Ben and his pet dog, Aggie, are back with another adventure in three short chapters just right for beginning readers.

Ben and Aggie are playing fetch in the park. When Ben throws too far, Aggie doesn't come back! Ben looks and looks, but he cannot find her. It is the worst day ever.

Ben's sadness turns into determination as he retraces his steps, makes posters, and enlists other people to help turn Aggie from a lost pup a found one.

Maximum quantity available reached.

Lori Ries, author

Lori Ries was born in Syracuse, New York, the eldest of four children. She discovered a love for storytelling as a young child and wrote her first story when she was just ten-years-old. Lori remained interested in writing and storytelling, and Lori eventually enrolled in the Institute of Children's Literature to pursue her love of writing. She began to bloom when she received a scholarship to the Highlights Foundation's Annual Writer's Workshop in Chautauqua, New York. Lori lives in Tigard, Oregon, with her husband and three children.

Read more about Lori.


Frank W. Dormer, illustrator

Frank Dormer has always loved telling stories through his art. An accomplished editorial illustrator, he made his children's book debut with Aggie and Ben. He lives in Branford, Connecticut, with his wife and their three children.

Read more about Frank.

Kirkus Reviews

In three short chapters filled with many short words, readers will recognize a child's trauma about a lost pet.

Ben, whom readers have met before in the Aggie and Ben series, is a conscientious person to his little dog, Aggie. He takes good care of her, feeds her, gives her large quantities of attention and affection and shares the bed, which he thinks is his and she knows is hers. But on her walk in the park, Aggie chases the red ball that she usually returns to him and doesn't come back. She is lost. Ben and his parents do everything they can to find their special friend, posting signs, searching, asking others—to no avail. After a terrible night, the boy returns to the park, where they again encounter friends, to resume the search. Mr. Thomas, who is blind, suggests that Ben use his ears to locate her. Eureka! He hears her howl, she is found and everyone is happy. Despite her bad breath and, worse, the stench of something Aggie has rolled in—a not uncommon habit of pups—all ends well. Art in pen, ink and watercolor shows the characters and their emotions clearly in a faux childlike drawing style.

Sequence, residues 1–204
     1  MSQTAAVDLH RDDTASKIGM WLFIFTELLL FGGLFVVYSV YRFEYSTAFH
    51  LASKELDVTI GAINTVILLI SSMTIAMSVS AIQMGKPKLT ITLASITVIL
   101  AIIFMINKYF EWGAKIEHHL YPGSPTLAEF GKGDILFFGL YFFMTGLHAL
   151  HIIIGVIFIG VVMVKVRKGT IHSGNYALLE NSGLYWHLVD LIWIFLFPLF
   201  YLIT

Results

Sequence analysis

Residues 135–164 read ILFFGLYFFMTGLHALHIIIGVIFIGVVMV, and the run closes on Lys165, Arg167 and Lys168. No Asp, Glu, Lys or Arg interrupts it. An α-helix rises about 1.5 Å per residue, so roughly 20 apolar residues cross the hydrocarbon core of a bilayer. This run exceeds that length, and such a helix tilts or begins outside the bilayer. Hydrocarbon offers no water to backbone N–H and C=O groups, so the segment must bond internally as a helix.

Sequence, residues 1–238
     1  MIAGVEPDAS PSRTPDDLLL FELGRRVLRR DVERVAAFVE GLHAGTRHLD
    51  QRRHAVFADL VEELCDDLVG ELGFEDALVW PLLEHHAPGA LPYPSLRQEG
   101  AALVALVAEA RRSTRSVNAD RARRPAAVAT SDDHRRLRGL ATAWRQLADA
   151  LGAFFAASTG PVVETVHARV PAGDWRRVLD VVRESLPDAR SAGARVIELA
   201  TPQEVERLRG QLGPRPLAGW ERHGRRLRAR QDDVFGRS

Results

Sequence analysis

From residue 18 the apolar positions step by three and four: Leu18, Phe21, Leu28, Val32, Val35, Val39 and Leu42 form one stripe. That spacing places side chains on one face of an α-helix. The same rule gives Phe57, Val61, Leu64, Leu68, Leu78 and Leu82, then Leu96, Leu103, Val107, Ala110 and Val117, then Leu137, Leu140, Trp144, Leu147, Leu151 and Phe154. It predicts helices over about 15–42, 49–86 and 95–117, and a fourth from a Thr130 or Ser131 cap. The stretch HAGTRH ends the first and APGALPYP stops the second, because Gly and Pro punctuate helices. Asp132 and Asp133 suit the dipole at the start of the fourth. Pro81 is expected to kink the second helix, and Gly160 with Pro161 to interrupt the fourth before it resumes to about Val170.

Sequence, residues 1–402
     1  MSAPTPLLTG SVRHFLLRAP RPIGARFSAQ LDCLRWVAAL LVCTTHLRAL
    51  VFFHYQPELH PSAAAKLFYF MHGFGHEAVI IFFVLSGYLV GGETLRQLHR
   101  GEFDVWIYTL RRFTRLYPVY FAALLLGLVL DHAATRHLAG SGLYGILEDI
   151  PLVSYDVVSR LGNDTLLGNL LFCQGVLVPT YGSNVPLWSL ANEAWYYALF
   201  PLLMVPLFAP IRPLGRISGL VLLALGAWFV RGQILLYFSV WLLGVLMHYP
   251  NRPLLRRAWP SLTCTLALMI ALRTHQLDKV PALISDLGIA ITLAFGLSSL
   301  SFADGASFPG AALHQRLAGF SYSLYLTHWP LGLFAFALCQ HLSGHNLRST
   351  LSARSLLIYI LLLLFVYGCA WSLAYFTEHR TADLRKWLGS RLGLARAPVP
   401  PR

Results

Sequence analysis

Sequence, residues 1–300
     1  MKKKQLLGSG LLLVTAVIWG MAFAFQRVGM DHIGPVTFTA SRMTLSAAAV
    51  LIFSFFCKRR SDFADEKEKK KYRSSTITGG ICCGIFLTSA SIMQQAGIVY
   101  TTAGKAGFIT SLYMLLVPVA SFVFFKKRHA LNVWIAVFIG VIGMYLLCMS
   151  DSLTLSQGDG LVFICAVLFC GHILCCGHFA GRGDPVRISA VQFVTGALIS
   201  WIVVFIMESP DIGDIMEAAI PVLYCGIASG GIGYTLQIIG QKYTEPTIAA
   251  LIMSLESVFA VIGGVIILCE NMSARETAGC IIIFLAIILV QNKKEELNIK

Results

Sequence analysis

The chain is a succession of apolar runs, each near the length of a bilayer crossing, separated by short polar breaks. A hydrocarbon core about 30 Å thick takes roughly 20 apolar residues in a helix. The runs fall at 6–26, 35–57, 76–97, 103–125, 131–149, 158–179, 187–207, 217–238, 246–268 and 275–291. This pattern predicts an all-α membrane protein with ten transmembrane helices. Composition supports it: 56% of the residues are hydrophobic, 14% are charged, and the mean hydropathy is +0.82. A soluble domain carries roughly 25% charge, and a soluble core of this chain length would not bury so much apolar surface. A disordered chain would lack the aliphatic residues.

Anyone who has worried about the loss of a special friend will understand the feelings involved with great sympathy and empathy.

NC Teacher Stuff

Ben and his dog Aggie go to the park to play fetch with a red rubber ball. Aggie is a good dog who brings the ball back every time. She is so good that Ben decides to rear back and throw the ball real hard. He throws it so hard that he cannot see the ball. Aggie runs after the ball but does not come back. Ben calls and calls and looks for Aggie but does not see her. He walks forlornly back home without Aggie. Ben and his family make phone calls and posters. They go back to the park, but do not find Aggie. Ben spends a lonely night full of doubt but is still determined to find his lost friend. The next morning, Ben gets advice from a surprising source and finds a happy, but quite smelly Aggie in the woods.

Two of the reasons why I think Aggie Gets Lost is such an early reader treasure is its authenticity and ability to show the depth of emotions that kids of all ages experience. The second of three chapters, "The Awful Night", gives us a character that goes through a range of emotions (doubt, heartache, anger, determination) that is incredibly rich for a beginning reader chapter book. Ben is like any of us who have lost something dear and wonder why it had to happen or if we did enough. Children and adults will easily connect to the feelings of this wonderful lead character.